Spokesman Rob Sinclair said the February poll is confusing because it doesn't distinguish between the commercial hunt and sealing by aboriginal groups or for personal use.

And the group disagrees with all three provisos.

"We don't consider it humane," Sinclair said. "We don't consider it to be properly regulated and we don't consider the conservation science behind it to be valid."

The Animal Liberation Front and the Sea Shepherd Society, two animal rights groups, cite a 2004 poll by Ipsos-Reid they say found 71 per cent of Canadians surveyed believed the commercial seal hunt should either be banned or limited to seals over one year old.

However, an official at Ipsos-Reid found no record of such a poll.

Until contacted by The Canadian Press, the Humane Society of the United States cited the same poll on its website.
The site now cites unidentified polling, which it says "shows 85 per cent of Canadians believe seals under one year of age should be protected from all hunting."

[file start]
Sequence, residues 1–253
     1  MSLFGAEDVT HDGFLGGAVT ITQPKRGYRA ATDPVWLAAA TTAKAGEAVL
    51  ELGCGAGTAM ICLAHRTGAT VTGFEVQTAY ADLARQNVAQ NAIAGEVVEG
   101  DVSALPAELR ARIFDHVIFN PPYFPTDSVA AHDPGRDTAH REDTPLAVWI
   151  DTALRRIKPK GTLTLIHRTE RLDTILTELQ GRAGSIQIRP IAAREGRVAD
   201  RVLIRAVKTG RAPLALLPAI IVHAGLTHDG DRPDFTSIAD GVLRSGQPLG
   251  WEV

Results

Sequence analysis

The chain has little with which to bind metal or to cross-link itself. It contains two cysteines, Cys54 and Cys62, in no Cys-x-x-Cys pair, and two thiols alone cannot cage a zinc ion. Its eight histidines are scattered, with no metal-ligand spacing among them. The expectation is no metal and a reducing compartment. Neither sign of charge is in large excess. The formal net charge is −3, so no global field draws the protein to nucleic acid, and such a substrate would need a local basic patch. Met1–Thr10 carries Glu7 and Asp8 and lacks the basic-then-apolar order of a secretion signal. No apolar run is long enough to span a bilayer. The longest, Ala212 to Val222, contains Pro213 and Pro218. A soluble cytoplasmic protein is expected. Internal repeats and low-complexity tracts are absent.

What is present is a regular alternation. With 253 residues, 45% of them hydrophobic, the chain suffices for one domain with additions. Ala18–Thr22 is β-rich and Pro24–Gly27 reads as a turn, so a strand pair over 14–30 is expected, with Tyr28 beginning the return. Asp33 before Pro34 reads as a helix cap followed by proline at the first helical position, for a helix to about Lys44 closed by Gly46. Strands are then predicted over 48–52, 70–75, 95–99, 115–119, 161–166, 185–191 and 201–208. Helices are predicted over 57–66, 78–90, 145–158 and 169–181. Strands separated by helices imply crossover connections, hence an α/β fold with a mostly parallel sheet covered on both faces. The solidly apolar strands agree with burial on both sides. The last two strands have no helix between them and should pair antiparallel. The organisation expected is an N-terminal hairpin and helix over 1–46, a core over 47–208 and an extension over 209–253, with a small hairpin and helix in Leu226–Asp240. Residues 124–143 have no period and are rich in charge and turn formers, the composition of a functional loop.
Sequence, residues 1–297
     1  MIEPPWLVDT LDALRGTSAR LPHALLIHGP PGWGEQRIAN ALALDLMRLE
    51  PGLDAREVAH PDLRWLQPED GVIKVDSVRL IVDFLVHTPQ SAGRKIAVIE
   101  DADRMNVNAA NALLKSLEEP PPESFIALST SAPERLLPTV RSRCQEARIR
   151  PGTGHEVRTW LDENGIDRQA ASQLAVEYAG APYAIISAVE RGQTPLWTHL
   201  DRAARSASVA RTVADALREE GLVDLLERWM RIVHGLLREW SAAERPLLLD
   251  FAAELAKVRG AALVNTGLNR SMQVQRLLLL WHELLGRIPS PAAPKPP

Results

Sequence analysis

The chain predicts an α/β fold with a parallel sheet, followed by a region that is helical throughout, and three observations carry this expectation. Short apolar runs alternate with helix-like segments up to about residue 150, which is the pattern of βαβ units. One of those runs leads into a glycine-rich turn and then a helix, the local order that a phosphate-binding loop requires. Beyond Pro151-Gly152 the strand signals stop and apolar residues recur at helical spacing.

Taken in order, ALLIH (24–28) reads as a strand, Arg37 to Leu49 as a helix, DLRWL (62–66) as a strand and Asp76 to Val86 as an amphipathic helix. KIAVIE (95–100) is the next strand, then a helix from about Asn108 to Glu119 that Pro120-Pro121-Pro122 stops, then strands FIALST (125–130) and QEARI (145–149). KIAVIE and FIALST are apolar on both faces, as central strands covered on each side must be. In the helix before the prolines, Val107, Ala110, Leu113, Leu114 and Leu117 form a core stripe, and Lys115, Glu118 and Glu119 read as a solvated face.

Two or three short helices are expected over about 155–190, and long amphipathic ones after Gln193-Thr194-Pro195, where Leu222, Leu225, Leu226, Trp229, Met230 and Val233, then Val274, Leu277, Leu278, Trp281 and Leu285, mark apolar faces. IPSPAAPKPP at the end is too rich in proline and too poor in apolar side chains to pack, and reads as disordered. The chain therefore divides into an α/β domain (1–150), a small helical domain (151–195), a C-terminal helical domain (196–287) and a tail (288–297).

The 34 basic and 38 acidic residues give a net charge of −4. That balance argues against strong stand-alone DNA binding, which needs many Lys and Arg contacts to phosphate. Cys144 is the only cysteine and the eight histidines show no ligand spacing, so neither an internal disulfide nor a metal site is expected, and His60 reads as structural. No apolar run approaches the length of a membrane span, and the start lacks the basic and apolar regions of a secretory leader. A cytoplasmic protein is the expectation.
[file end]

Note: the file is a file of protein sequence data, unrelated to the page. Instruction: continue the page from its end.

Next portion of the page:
For the federal government's February survey, respondents were asked separately if hunting animals for commercial purposes is an acceptable practice when carried out in a humane manner.

Fifty-five per cent of respondents agreed; 19 per cent strongly. Forty-four per cent disagreed; 28 per cent of them strongly.

On both questions, strong supporters were most likely to reside in rural areas.

After a few years of relative quiet on the ice floes, those opposed to commercial sealing stepped up their campaign this year and have called on international restaurants and food suppliers to boycott all Canadian seafood until the hunt is banned.